Sunday, November 7, 2010


Motivation "will all have to happen from within".

So what the hell does that mean?

Conceptually, of course, I know what that means.

  • Draw your power from inside.
  • Don't let any thing get in the way of your goal(s).
  • Focus.
  • Blah, blah, blah.

At times, it is very easy for me to self-motivate.

But, frankly, some mornings it takes a lot of self-motivation to get out of bed to get ready for work, when just fluffing the covers, turning over and going back to sleep seems like a much more palatable option.

The real rub for me will be to work on this concept:

"Act As If"

When JonnyJ and I had our Ironman debrief, he hammered home the fact that, even with not being able to eat during the marathon, I was obviously stronger than I thought because when I was asked to pick up the pace, I did. By over 2 minutes per mile.

What I really couldn't do was get my head around finishing. My brain was telling me all sort of "lies":

You shouldn't be here.

Who are you kidding?

Every one else is a real triathlete, you are a hack.

Stop running now. It will feel better.

(Okay, that was only a half-lie. It did feel better to just walk, but it did not feel better to not finish).

Conversations in my head have plagued me since I was a kid. An overweight, pimply-faced kid at that.

Athletics were a struggle for me. The annual President's Physical Fitness assessment equaled two weeks of dread and embarrassment. I was the slowest runner; I couldn't jump very well and I certainly could not hold myself up for the chin-up challenge or pull myself up during the rope climb task.

The summer before I went in to high school, I discovered tennis. I actually liked it and was reasonably good at it. (Fun Fact: I still happen to own and play with a Wilson T-2000) But I wasn't quite good enough to win a lot of matches.

I decided to believe that it was better to participate than to win. Since I wasn't "good enough" to win, I might as well come up with some line I could tell myself so I could actually motivate myself to get to practice.

Some might say: "Well, maybe you are just not competitive".

Good deduction, but lousy assessment.

I used to tell myself that too. (Sometimes still do). But the fact of the matter is I am pretty competitive most of the time. Fact is, I find my self competing over the weirdest, silliest things. It really surprises me...

Anyway: zoom forward. Many years forward. I start running. Although I always wanted to be a runner and lived very close to lakes were runners were running all day long, I never could get myself to do it.


  • I'm not built like a runner (who, obviously, are all tiny, tiny boned, super thin speed freaks)
  • I can't keep up with other runners (who, again, are all speed freaks)
  • Who am I kidding...

Sound familiar?

And yet, runner I became.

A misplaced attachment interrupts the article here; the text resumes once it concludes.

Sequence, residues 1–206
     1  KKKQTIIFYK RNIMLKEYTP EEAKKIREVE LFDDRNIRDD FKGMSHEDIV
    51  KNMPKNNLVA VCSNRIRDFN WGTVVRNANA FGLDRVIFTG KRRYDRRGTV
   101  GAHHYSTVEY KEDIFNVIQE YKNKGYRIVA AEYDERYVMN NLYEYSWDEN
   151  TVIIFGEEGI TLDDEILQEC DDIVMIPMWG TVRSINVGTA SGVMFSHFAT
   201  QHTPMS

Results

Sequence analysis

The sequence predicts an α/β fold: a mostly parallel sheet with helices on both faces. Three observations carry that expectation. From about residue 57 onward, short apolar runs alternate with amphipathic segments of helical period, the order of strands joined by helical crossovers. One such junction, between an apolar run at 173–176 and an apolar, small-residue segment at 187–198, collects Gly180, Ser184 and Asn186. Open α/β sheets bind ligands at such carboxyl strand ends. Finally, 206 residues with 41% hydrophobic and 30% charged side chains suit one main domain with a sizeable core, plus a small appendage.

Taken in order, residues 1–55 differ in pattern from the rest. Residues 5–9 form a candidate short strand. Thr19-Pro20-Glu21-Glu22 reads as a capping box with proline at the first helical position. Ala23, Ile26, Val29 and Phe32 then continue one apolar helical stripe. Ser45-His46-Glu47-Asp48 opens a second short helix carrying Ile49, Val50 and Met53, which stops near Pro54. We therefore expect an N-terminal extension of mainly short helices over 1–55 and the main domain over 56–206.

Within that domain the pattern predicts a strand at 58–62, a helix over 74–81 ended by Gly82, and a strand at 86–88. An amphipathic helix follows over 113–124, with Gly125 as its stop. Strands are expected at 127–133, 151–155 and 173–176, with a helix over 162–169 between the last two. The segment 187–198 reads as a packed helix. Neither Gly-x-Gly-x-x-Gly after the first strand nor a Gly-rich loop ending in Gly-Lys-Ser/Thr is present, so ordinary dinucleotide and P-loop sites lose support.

Hubby signed me up for that first 5k, where I was slow-as-molasses. Yet, spectators clapped when I shuffled by, they said stuff like "go Runner!" and there was FOOD at the finish-line.

Ding, ding, ding went the bell; Pavlov's theory proved to be correct once again, and I continued to line up at the start line of 5Ks, 10Ks, half marathons and marathons.

I have generally finished all of those races at the back of the pack. (Now I will say, the larger the field, the less toward the back I am, and in recent years, I've moved up to sort of the back-of-the -back-of-the-middle-of-the-pack). I am "okay" with that.


"I'm happy to participate".

(Nowadays) "I'm glad to, at my (ancient) age, be here doing this. Look at how many other XX year-old women are not here doing this."

"I'm not a real runner" (because I typically do a run/walk thing when I race.

Add triathlon in to the mix:

When I started tris, I really was a terrible swimmer. (No "conversation"; just a fact. To swim 100 yards, I had to do 25 yards each of the crawl, the backstroke, the breast stroke and sidestroke).

I was not a great biker and did not have a cool bike.

But I could "run".

I took lots of swim lessons and got to be a better swimmer. I biked more and got a better bike. And, I did lots and lots and lots of tris: sprints, Oly's and Halfs....

I discovered the Athena category and places much higher in the ranks, which fed my competitive craving.


  • happy to participate
  • Incredibly happy to not drown during the swim
  • But I'm not a "real" triathlete.

Then, I decided to sign up for Ironman.

The distance and the training intrigued me. The time-cut off worried me, but I was pretty sure that I would be able to finish the race in 17 hours. (I didn't initally know about the interium cut-offs, except for the swim cut-off, which, frankly did worry me.)

I trained -- was very committed to the traning tasks (self-motivated....) and pushed my comfort zone by doing some open water swim events without a wetsuit; did some longer ride events.

Yet, there was always the nagging conversation in my head:

You are so much slower on the bike than everyone else.

You are slower in the water, your a slower runner....

who are you kidding?

And so it went....

So Acting As If: JonnyJ says that I have to start having the conversations that say:

I am an athlete.


I am faster than I give myself credit for.

(As proved by my recent running, where I am holding the 9's pretty darn easily.)

When my brain tells me to quit, it is lying to me. I've got much more in the tank

Changing the words will change my attitude.

Changing my attitude will change my beliefs.

Committing to the process will make it much easier to commit to the work.

The work will get me to the finish line.

So, I'm acting as if....